A variety of soft plastics work better when the fish are off the bite and hard plastics and metal lures aren’t catching fish. Plastics work at this time possibly due to the smell that is impregnated into these products, and the smaller the better. It’s best if they are also natural or cold colours for the inlets and orange or pink for open water.
The Strike Tiger range of plastics have been great in Lake Jindabyne, especially the 3” curl tail princess pink and vodka ‘n’ orange.
If you are flyfishing or spinning with lures you have to also be aware that you need to slow down your retrieve and leave the fly or lure in the fish’s face for longer.
Bait fishing is a very productive method of fishing in winter and simple rigs work best. Worms and artificial baits have always been a favourite way of winter fishing and always bring results. When worm fishing use plenty of tiger worms or a single scrub worm, and fish them off the bottom using a running sinker.
There is a lot of weed about at the moment so it is best to put mucilin on your line to keep it floating above the bottom. You can also suspend a bait under a float and if you want to use artificial bait (most floats) try a little split shot on the hook to keep the bait down.
As the fish move about the lake so much over in winter there is no particular spot better than another, but a hint is shallow water early and late and slightly deeper water in the bright sunny parts of the days – but not too deep!
Fly fishing has been very good and you will see fish cruising if you have your polaroid glasses on. Polaroiding trout is best done on the sunnier days and that is the time I like to fly fish the lake anyway. I never have gone much on fly fishing when it is snowing or during the cold winter nights. A well presented fly, something like a brown nymph, a Mrs Simpson or a well presented shrimp pattern will get good results during the winter months. Don’t forget my Williamson’s Gold Fish when fishing the quite weedy bays. The best areas for winter polaroiding in Jindabyne are Creel Bay, Hatchery Bay, Sids Bay and the Kalkite end of the lake.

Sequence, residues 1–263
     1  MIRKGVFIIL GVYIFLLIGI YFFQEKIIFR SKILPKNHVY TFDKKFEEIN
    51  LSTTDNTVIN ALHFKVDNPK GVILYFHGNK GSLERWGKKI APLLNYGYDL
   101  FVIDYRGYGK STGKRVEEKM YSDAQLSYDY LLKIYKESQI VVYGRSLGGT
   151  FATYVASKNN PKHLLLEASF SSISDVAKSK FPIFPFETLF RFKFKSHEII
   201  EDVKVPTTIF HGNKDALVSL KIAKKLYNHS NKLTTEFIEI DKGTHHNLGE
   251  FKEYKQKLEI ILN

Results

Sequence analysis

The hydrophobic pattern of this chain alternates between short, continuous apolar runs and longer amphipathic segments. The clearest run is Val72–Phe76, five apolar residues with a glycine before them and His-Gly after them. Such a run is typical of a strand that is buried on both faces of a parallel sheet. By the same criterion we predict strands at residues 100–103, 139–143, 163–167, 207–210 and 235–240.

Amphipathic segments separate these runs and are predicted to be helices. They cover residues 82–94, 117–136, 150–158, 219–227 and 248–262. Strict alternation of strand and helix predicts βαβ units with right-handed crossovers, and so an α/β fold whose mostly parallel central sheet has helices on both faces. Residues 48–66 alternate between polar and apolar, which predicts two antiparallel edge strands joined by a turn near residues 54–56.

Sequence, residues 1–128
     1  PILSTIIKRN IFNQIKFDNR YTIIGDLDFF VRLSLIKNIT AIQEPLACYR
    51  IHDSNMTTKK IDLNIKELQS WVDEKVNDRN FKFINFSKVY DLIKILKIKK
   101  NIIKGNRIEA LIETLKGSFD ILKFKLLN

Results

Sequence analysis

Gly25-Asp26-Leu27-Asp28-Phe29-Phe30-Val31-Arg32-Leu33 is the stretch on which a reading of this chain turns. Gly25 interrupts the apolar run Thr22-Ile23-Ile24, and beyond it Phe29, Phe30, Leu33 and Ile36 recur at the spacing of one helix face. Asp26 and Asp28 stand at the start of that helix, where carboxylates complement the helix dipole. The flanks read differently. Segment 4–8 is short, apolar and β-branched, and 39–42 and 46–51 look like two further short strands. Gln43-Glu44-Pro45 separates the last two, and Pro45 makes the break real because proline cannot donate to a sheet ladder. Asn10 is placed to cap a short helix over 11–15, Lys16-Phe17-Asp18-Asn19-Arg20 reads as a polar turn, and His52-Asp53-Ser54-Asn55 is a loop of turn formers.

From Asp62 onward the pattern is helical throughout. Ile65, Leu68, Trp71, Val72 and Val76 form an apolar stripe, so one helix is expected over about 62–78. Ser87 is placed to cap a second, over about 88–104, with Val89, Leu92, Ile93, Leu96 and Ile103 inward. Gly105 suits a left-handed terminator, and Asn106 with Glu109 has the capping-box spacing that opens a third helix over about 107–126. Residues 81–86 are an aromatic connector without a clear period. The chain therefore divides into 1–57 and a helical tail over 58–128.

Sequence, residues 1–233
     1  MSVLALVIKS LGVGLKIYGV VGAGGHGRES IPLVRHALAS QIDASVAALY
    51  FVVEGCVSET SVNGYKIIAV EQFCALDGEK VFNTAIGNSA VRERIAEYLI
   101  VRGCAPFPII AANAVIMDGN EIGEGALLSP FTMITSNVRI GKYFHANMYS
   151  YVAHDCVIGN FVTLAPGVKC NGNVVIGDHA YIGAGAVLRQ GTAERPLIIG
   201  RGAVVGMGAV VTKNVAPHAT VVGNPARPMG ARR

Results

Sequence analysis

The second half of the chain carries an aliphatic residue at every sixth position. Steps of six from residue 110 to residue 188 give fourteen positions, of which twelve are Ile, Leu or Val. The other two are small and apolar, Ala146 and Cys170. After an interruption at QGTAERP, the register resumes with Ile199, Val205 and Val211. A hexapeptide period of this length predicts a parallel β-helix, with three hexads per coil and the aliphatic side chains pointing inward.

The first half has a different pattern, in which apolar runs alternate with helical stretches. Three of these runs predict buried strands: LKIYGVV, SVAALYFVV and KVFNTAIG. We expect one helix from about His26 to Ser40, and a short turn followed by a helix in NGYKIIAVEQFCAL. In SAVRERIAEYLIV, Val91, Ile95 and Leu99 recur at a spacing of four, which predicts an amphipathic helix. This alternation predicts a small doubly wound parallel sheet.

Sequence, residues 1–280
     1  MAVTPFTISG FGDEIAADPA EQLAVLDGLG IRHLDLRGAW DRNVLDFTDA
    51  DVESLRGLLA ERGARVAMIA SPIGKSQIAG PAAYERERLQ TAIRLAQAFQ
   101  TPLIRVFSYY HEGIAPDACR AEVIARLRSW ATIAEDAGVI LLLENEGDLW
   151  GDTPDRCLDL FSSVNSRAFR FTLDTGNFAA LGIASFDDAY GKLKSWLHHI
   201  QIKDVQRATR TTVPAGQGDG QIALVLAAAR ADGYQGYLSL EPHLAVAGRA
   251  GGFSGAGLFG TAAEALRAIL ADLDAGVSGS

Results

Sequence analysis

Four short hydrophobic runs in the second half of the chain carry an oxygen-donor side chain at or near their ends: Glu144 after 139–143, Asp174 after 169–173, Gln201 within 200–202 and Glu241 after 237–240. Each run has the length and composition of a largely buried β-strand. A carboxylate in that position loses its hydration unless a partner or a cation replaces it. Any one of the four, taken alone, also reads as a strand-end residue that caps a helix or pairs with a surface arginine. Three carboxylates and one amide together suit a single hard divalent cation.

Good areas to try at this time of the year are, The Snowy Arm, Creel Bay and Wollondibby Inlet is excellent after rain.
Best of luck with your winter fishing and if coming down to Jindabyne over the next few months, call in and get the latest fishing information at Steve Williamson’s Trout Fishing shop 1 ‘Snowline Centre, Kosciuszko road (next to the Shell servo).
I run fishing tours right through winter so why not come and catch a monster trout or Atlantic salmon on Lake Jindabyne. My shop is also open 7 days a week during winter with extended hours over July and August.
July and August are the months when the township of Jindabyne is flat out with snow skiers and most accommodation is either booked out or very expensive. However, since you don’t need to get out of bed early to catch a trout in winter, you can always stay in towns close by where there is accommodation at more affordable rates. Cooma, Berridale and Dalgety are towns that come to mind that have great accommodation at reasonable rates.
If you want the very latest reports almost on a daily basis, check out my Facebook page at www.facebook.com/pages/Steve-Williamsons-Lake-Jindabyne-Trout-Fishing-Adventures.
July roundup – the best of the best
Best method: Bait fishing
Best depth: Scrubworms teamed with artificial bait fished off the bottom
Best lake lure: Tasmanian Devil in pink 55 or Holographic. Rapala Pinky trout 7cm
Best lake area: Claypits and Banjo Patterson Park
Best fly method: Williamson’s Gold Fish or a similar fly to represent the food the fish are feeding on
Best river: Rivers closed, will reopen on Saturday 5 October